Maximizing Efficiency of Your Hand Fed Appliance

Re: Maximizing Efficiency of Your Hand Fed Appliance

PostBy: Lightning On: Wed Dec 12, 2012 9:50 pm

rberq wrote:That sounds promising. Do you have a long handled wire brush?

Yeah, handle is about 16 inches long with 4 inches of wire brush at a 90 degree angle to the handle which makes it easy to scour inside the firebox. I brush off the water coils once a day. I brush the inside of the fire box and baffles once a week.
rberq wrote:I will have to re-do my stove pipes next fall, and I'm thinking of putting the baro further away from the stove so I will have a couple feet more of hot radiating pipe.

That sounds like an excellent idea. Extract more heat before the baro mixes in cooler air :idea:
Lightning
 
Hand Fed Coal Furnace: Clayton 1537G
Coal Size/Type: Nut Size / White Ash

Re: Maximizing Efficiency of Your Hand Fed Appliance

PostBy: Lightning On: Wed Dec 12, 2012 10:07 pm

Boots wrote:i have no control over my primary air. it is a natural draft boiler. I just have a flap with a small hole in it attached to an actuator that opens for high fire. I just recently started running with over fire air. i started at 1 full turn open then i went to 3\4 turn then to 1/2 turn. apparently that was too little over fire air because i got a call at work from my mother- in- law, " i just heard a big boom from the basement". Everything was fine but i went back to 1 turn open for a couple of days just to make sure i corrected the issue. Tonight i put it back to 3\4 turn.

Yeah Boots, I'd say you are walking the fine line with your mix of over the fire air. I'm wondering though, if you really wanted to cut that over the fire air a little, what if your actuator opened 80% instead of all the way. Of course doing so may increase the time it takes for the boiler to get back up to temp, which might be OK if its a little over sized for what you are heating. Maybe that would solve the boom problem at 1/2 turn on your over fire air, and possibly give you more efficiency since less heat would be going up the chimney during idle periods. Its just a whim on my part since I'm not all that familiar with the operation of your boiler ;)
Lightning
 
Hand Fed Coal Furnace: Clayton 1537G
Coal Size/Type: Nut Size / White Ash

Re: Maximizing Efficiency of Your Hand Fed Appliance

PostBy: Boots On: Thu Dec 13, 2012 4:47 pm

I am just now getting to the stage where i want to start trying different things to improve either efficiency or ease of use. Me using over fire air was an attempt to eliminate the coal gas explosions i was having. Now i just have to find a point where i no longer have them and i am burning as efficiently as possible. changing my high fire actuator to not open the door so far is not a bad idea, my boiler seems to stay on low fire most of the time any way.
Boots
 
Stoker Coal Boiler: KA-6 In the basement........
Hand Fed Coal Boiler: Burnham SFB 101

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Re: Maximizing Efficiency of Your Hand Fed Appliance

PostBy: mudnut On: Thu Dec 13, 2012 5:01 pm

I'd like to increase mass for collecting and storing heat. I've got a pretty large V shaped steel plate slide right above the fire that governs the exhaust path for the flue. What about putting a layer of firebricks on top of it? They wouldn't block the exhaust gasses or smoke (from wood when I burn it) and as long as I could still slide it back and forth for start up and charging I can only see it keeping more heat in the stove.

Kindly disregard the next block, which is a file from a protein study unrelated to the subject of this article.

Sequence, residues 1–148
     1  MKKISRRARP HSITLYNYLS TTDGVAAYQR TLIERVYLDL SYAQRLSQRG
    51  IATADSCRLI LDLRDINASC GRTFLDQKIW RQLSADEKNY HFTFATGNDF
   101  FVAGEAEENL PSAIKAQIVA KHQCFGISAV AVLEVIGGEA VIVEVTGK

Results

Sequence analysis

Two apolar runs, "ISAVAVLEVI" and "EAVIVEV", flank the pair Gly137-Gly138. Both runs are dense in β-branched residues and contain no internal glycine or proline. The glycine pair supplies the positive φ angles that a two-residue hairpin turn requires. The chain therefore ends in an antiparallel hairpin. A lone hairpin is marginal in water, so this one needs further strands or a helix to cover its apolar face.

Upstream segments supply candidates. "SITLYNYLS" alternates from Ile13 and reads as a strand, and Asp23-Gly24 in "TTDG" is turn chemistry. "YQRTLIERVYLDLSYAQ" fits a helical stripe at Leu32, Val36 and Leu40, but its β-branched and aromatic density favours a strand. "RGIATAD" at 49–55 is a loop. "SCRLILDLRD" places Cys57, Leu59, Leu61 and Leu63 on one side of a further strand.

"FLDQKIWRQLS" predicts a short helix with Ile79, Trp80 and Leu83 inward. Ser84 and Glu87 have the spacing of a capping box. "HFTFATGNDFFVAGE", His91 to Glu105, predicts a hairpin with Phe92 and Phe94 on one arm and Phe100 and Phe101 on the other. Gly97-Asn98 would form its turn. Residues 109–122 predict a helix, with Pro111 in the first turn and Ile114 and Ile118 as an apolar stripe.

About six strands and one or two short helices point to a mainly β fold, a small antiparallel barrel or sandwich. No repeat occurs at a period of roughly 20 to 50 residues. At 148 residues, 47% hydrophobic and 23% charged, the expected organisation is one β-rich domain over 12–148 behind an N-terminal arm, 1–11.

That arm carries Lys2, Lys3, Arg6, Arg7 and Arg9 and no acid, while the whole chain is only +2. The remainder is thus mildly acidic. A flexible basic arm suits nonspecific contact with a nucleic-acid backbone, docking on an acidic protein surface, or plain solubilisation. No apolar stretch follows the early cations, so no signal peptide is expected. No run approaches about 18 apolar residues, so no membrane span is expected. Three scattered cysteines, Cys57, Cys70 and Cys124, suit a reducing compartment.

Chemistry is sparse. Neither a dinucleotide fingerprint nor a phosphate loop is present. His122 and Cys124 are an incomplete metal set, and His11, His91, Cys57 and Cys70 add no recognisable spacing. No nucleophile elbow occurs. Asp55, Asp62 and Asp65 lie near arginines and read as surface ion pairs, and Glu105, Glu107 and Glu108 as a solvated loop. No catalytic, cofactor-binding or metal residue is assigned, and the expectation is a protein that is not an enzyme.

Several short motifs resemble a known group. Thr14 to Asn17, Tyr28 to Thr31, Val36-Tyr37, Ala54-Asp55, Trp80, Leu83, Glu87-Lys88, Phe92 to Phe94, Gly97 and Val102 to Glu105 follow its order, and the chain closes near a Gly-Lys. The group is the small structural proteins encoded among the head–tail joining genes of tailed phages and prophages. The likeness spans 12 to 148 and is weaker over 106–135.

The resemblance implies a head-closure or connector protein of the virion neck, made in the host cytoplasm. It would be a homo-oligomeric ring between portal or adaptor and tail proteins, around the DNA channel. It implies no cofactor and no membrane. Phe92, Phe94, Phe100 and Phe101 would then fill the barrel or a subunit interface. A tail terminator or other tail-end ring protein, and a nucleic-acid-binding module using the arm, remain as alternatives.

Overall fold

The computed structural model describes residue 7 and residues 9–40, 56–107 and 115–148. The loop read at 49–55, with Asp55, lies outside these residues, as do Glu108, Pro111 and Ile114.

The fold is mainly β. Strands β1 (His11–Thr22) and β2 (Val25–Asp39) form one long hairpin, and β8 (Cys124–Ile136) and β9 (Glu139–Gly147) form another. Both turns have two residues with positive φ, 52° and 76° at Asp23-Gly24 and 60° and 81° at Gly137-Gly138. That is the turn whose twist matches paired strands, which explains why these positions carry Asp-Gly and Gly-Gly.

Thoughts?
mudnut
 
Stove/Furnace Make: Brunco
Stove/Furnace Model: Brunco 150

Re: Maximizing Efficiency of Your Hand Fed Appliance

PostBy: franco b On: Thu Dec 13, 2012 5:28 pm

mudnut wrote:I'd like to increase mass for collecting and storing heat. I've got a pretty large V shaped steel plate slide right above the fire that governs the exhaust path for the flue. What about putting a layer of firebricks on top of it? They wouldn't block the exhaust gasses or smoke (from wood when I burn it) and as long as I could still slide it back and forth for start up and charging I can only see it keeping more heat in the stove.

Thoughts?

The only place you want to keep heat in, is in the fire box and there the more you can keep heat in the better. A layer of ceramic felt or light weight insulating fire brick on the underside of that baffle facing the fire would reflect heat back to the fire and improve combustion for wood or coal. I have no idea how it would be attached though, perhaps with stainless steel wire. Increasing mass does no good in a coal stove because the fire is steady unlike a wood stove. Huge mass as in a masonry or tile wood stove allows short very hot clean fires with the large mass able to absorb the heat and give it off for many hours after the fire dies.
franco b
 
Hand Fed Coal Stove: V ermont Castings 2310, Franco Belge 262
Baseburners & Antiques: Glenwood Modern Oak 114
Coal Size/Type: nut and pea

Re: Maximizing Efficiency of Your Hand Fed Appliance

PostBy: mudnut On: Thu Dec 13, 2012 5:45 pm

My burner is shaped like an A frame, comes to a point right above that shelf and the the air is forced around that A point so my thinking is that heat would still get used even though it's above the firebox as the air is forced over the area that the shelf sits under (no that's not confusing at all 8-) I attached a drawing to show what I mean, a little hard to see I know but the 45 degree angle at the back of the burner where the flue is is the A frame that I'm talking about.
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mudnut
 
Stove/Furnace Make: Brunco
Stove/Furnace Model: Brunco 150

Re: Maximizing Efficiency of Your Hand Fed Appliance

PostBy: franco b On: Thu Dec 13, 2012 6:55 pm

That baffle is to direct hot flue gas to the top and sides before exiting. Adding mass might help a wood fire to radiate a bit longer as the added mass cooled down.
franco b
 
Hand Fed Coal Stove: V ermont Castings 2310, Franco Belge 262
Baseburners & Antiques: Glenwood Modern Oak 114
Coal Size/Type: nut and pea

Re: Maximizing Efficiency of Your Hand Fed Appliance

PostBy: 63roundbadge On: Thu Dec 13, 2012 10:21 pm

rberq wrote:
Lightning wrote:I've found that keeping the inside of the firebox clean by brushing ash off it once a week, greatly improves heat transfer from the fire to where I need it to be.